3 Mar 2015

Interview met Valentina D’Efilippo


Valentina D’Efilippo is an award winning graphic designer with an interest for creativity and innovation. This April she will teach an in-depth, introductory course on Infographic Storytelling in Utrecht. She will focus on the data visualisation process as well as the potential for infographics as a storytelling medium. Valentina D’Efilippo: “there is a risk to put too much focus on the tools sacrificing the thinking and ultimately the solution”.


Graphic Hunters: Why do you think infographics are so popular at the moment? 

Valentina D’Efilippo: Beyond just data and words, infographics use images and graphical representations. These key elements – data, words and imagery – operate as a system for simplifying information, revealing new patterns, and producing new knowledge. Though they might not have always been called “infographics”, info/data-based visualizations have always been around. With rapid advances in both technology and the speed at which we consume information, infographics have become an effective way to grab audience attention and deliver complex information in digestible formats. 

In what way can a visualisation help to understand or to communicate information? 

Visualisation helps simplify complexity by showing patterns and data relationships. It connects the dots, and reveals stories that may be difficult to see in a data table. In some cases, there are existing relationships that are only revealed once the raw data has taken a visual form. Visualisation not only helps us digest and communicate meaning from a collection of data, but is also becoming a means to increase information’s memorability.  

I have read that someone has to understand a visualisation within seconds, others say visualisations should leave something to explore. What is your opinion on this? 

Personally, I think that a successful visualization should achieve both. Getting readers to decode the core story very quickly is crucial – especially, considering the pace at which we shift our attention between topics and devices. At the same time, once the visualization has successfully attracted the reader’s attention, it will ideally reveal a story with several layers of detail allowing user exploration.  

What is the first most important question one should ask before starting visualising the data?  

I’m not sure I can narrow this to one key question. Rather, I would suggest considering three questions that are interconnected: What? Why? Who? What is the insight of the data? Why am I creating a data viz or, in other words, what is the purpose? And last, but certainly not least, who is my audience and why would they care? When I have a clear understanding of these three questions, the answer to the fourth question ­– how  – will naturally follow.

What tools are important to learn? 

The tools I use most frequently are MSOffice Excel to investigate the data, and Adobe Illustrator to design. I sometimes use off-the-shelf prototyping softwares like Tableau or Raw. I do not code, but I guess, that it’s impossible to talk about data visualization tools without mentioning D3, a powerful Javascript library. And if I had to pick a tool to learn, I would learn D3.

It’s good to clarify that the class is not a software training class. Instead, we will focus on understanding the process and the principles. Creating good infographics or data visualsations is much more than knowing how to use an application. There has been an explosion in the number of data-processing tools, there are almost too many to keep track of all the new releases. This means that more people are able to access the field of data visualisation, but on the other hand there is a risk to put too much focus on the tools sacrificing the thinking and ultimately the solution.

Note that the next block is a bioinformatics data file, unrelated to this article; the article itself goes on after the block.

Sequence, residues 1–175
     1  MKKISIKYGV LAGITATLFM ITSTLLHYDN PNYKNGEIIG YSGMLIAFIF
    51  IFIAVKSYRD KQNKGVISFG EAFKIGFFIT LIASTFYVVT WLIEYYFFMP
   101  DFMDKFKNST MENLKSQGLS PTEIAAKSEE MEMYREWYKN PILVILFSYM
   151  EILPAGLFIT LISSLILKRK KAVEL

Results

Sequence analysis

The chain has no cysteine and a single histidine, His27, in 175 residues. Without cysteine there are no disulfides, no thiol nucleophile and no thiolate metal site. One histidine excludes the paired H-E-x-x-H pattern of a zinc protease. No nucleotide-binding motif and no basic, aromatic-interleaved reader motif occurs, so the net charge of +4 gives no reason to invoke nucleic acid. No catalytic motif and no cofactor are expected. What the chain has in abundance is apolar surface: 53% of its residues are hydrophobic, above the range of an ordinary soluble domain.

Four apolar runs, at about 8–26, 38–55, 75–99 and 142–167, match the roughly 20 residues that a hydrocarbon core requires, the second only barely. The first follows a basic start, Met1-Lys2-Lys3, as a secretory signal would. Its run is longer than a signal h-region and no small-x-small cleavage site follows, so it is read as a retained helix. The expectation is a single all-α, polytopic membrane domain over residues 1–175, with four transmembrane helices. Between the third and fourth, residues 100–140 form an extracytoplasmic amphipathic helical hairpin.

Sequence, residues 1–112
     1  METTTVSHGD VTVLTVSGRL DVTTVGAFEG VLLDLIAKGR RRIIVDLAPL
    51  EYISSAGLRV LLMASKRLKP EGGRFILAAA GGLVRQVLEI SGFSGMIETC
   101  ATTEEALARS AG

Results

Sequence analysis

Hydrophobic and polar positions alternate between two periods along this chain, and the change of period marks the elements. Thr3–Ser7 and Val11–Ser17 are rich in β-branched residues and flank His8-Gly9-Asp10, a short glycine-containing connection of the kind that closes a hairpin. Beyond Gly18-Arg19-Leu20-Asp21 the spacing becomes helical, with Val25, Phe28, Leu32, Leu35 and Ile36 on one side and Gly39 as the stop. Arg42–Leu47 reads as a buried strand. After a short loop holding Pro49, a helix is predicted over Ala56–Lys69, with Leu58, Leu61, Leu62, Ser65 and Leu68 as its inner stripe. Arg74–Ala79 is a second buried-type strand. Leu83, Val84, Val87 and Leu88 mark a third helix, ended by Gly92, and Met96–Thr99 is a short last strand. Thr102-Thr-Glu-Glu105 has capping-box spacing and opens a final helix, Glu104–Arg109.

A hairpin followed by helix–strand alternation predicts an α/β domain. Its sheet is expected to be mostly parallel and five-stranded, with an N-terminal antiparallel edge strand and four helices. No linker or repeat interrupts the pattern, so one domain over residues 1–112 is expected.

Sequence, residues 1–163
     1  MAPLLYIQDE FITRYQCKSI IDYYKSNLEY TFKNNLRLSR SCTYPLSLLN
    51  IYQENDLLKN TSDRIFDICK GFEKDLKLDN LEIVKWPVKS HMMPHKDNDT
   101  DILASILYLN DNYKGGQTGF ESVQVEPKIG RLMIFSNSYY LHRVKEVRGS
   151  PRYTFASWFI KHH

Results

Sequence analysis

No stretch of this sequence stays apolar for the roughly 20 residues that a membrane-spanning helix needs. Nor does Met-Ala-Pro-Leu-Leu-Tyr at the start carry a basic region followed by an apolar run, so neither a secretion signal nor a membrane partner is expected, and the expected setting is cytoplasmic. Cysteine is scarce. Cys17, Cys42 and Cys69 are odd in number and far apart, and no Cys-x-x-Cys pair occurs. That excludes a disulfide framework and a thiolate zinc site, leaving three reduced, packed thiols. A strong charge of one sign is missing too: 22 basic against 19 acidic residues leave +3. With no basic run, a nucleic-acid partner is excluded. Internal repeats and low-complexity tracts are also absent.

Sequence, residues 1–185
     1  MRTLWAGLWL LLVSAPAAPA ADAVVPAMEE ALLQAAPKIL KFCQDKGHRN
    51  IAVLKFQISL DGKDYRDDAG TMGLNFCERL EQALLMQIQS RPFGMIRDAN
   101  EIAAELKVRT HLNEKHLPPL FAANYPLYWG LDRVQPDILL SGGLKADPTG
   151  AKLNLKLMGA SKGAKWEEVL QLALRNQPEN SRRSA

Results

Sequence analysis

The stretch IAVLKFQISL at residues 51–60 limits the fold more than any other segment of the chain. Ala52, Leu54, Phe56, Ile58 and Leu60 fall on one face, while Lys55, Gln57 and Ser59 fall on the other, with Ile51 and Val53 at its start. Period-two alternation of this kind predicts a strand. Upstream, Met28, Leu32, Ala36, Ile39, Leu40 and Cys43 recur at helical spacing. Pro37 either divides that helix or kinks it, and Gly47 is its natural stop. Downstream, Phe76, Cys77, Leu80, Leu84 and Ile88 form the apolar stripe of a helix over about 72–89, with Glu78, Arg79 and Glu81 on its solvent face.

What is the role of design in a visualisation? 

Design’s role in data visualisation is many things: structuring, editing, synthesise and prioritise and finally envisioning and delivering the data insights. Part of the design process is figuring out what makes the data set unique, and then trying to communicate those findings in a compelling form. Design principles help us simplify complexity, reveal patterns, create the right hierarchy of information, and connect with the audience.

What is the secret on how to balance functionality and beauty in the final outcome?

Data visualization is both an art and a science—and working out that balance can be challenging. Ultimately, we should avoid compromising functionality for the sake of beauty. However, depending on the purpose of the project, the form can play a more substantial role in delivering our message to our audience.

What lessons do you want the participants to take home for the training? 

I would like everyone to understand that the field of data visualisation is complex but at the same time extremely exciting. There are a lot of things you can do with data and collaboration is key. You can work with people who come from a variety of fields: journalism, design, coding, data science, just to mention a few…

Although becoming an expert in every aspect of the process is daunting, the field thrives on collaboration. This allows people to specialise, and really build your expertise in one key area.



De training Infographic Storytelling staat gepland op 16 en 17 november.  Enthousiast geworden over deze training? Kijk voor meer informatie op de website en schrijf je in.




Spread van The Infographic History of the World van Valentina D’Efilippo. Deelnemers aan de training ontvangen een exemplaar.